arthritis

What you need to know about Rheumatoid Arthritis and Lupus

Rheumatoid Arthritis and Lupus are chronic inflammatory autoimmune diseases. These are conditions where the body attacks and damages its own immune system. Inflammation causes pain, redness, swelling, loss of function, and heat; it can affect internal or external organs or sometimes both.

The differences between Rheumatoid Arthritis and Lupus

Rheumatoid Arthritis (RA) is a chronic inflammatory disorder of the joints. It may affect other areas of the body too. It causes pain, stiffness, and swelling affecting the function of joints.

Lupus is also known as systemic lupus erythematosus (SLE). It is an inflammatory disorder that takes on different forms and affects any part of the body. It affects the skin, heart, lungs, joints, blood, kidneys, and brain. It may cause severe pain and tissue damage.

Rheumatoid Arthritis and lupus can both affect people of all ages, although the cause is unknown.

You may experience difficulty sleeping, dry, itchy eyes, or chest pain while breathing. Look for symptoms of weight loss, weakness, depression, or numbing of skin tissues. Make sure to go for a medical diagnosis at the earliest if you feel any of the following symptoms of Rheumatoid Arthritis or Lupus.

Early symptoms of Rheumatoid Arthritis include:
– Fever
– Anemia
– Joint pain
– Joint Stiffness
– Joint swelling
– Deformity of the joints
– Joint pain in many places
– Joint tenderness
– Loss of joint functions
– Same joints affected on both sides of the body

Few early symptoms of lupus include:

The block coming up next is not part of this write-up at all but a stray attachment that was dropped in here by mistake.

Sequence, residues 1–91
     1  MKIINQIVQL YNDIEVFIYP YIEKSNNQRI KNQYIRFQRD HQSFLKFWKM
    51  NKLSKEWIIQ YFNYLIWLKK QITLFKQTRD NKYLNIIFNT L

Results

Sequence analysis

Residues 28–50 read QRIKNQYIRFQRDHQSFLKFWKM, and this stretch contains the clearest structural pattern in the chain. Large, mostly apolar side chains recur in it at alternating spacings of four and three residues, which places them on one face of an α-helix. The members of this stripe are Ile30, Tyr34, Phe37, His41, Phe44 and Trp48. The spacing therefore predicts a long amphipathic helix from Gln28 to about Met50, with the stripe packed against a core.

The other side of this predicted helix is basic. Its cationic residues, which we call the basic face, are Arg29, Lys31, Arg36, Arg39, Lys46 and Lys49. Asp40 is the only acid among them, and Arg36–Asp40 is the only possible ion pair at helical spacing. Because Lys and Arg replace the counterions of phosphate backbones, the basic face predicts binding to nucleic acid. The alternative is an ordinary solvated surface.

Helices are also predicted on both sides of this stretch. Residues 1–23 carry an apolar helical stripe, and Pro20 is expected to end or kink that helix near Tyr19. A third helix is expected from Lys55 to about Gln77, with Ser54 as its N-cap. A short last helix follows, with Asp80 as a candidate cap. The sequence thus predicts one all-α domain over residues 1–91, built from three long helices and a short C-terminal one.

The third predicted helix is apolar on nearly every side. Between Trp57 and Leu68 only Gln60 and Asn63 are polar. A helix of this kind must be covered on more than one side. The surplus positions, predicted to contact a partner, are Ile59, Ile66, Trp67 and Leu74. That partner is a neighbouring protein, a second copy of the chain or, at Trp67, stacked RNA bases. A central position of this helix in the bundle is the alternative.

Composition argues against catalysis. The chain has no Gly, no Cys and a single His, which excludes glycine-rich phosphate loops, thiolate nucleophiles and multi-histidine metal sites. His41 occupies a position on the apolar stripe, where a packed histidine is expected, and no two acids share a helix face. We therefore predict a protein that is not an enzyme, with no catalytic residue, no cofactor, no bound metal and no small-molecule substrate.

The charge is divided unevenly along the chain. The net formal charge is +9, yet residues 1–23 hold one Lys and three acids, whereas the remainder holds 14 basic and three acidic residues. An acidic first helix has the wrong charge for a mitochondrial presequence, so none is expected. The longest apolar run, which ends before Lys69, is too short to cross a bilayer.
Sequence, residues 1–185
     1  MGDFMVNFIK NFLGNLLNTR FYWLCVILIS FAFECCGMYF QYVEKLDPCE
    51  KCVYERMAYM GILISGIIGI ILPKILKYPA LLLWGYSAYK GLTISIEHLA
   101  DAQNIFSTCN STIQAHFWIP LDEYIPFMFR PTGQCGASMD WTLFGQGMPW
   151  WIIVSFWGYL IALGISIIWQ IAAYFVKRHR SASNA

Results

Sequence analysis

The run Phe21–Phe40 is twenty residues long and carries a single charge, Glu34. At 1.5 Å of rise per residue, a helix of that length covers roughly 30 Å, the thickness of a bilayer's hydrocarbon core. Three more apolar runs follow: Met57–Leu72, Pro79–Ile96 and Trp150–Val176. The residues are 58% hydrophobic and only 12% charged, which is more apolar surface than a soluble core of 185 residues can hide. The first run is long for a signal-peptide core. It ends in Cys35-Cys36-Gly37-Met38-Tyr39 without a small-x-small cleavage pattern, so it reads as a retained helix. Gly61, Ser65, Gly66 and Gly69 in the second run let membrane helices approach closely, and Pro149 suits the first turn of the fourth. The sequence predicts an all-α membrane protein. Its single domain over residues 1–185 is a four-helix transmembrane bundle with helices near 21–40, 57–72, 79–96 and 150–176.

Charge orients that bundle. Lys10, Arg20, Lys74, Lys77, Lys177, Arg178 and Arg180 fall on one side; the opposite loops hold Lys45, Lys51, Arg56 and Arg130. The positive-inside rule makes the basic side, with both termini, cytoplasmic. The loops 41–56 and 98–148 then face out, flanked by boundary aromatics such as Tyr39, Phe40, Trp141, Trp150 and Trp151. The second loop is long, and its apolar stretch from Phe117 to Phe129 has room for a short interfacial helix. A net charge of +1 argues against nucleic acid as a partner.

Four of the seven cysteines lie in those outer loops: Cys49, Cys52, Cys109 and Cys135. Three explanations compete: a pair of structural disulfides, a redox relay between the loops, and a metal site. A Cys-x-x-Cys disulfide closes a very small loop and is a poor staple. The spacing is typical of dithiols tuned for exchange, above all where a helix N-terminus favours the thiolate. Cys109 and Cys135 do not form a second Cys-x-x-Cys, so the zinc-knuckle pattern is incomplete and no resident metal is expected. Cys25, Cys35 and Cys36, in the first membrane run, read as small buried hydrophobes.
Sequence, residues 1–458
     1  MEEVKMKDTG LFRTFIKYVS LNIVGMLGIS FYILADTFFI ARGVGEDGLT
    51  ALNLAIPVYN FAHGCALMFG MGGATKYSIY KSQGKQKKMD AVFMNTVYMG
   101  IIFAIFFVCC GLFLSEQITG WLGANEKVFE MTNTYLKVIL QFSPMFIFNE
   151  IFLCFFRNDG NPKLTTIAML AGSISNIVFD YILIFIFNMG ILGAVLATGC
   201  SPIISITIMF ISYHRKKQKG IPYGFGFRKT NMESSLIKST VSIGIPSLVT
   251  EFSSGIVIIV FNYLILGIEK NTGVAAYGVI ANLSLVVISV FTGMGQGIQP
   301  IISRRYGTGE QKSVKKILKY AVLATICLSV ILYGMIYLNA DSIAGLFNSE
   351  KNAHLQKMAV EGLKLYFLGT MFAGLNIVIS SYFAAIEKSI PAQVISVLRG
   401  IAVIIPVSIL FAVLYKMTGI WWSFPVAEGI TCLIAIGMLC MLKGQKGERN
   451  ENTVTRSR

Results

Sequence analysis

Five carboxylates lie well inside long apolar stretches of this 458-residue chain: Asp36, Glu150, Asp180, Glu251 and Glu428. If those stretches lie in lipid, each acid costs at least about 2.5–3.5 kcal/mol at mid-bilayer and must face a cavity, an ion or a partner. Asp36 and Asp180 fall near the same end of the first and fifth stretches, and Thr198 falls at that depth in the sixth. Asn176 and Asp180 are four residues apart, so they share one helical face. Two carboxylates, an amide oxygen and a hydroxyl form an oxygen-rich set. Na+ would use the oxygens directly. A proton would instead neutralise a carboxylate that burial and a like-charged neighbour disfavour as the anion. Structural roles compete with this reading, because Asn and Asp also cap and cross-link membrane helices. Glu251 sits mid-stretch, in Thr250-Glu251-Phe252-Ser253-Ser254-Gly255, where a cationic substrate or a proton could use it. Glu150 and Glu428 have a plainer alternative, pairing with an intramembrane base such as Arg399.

– Unexplained fever
– Kidney inflammation
– Fatigue
– Hair loss
– Skin rashes (butterfly shaped affecting nose and cheeks)
– Pulmonary issues
– Gastrointestinal problems
– Painful swollen joints
– Dry mouth or eyes
– Thyroid problems

Treatment for Rheumatoid Arthritis and Lupus
While there is no definitive cure, you can expect to live a normal lifestyle. If you encounter serious complications, you may need strong medication.
If you experience mild symptoms, you may not need treatment. Make sure to follow your doctor’s instructions and treatment plans on time. You must also concentrate on improving your lifestyle and well-being. Talk to your doctor and find an effective treatment plan best suited for you and make sure to attend all follow-up appointments. Be patient. Don’t be afraid to ask questions. Start low impact exercises like biking, walking, or swimming. Exercise is a great way to improve mental health and stay in a positive mood. Make sure to get plenty of rest and also take breaks between activities. Balancing activities with rest helps reduce fatigue and inflammation. Eat a nutritious and well-balanced diet. Avoid alcohol and smoking as it can worsen symptoms and impair circulation. Protect your skin from sunburns or rashes; make sure to always wear sunscreen, sunglasses, and a hat. Lastly, don’t be afraid to ask for help or join a support group; talking to people with similar experiences can boost confidence and productivity.

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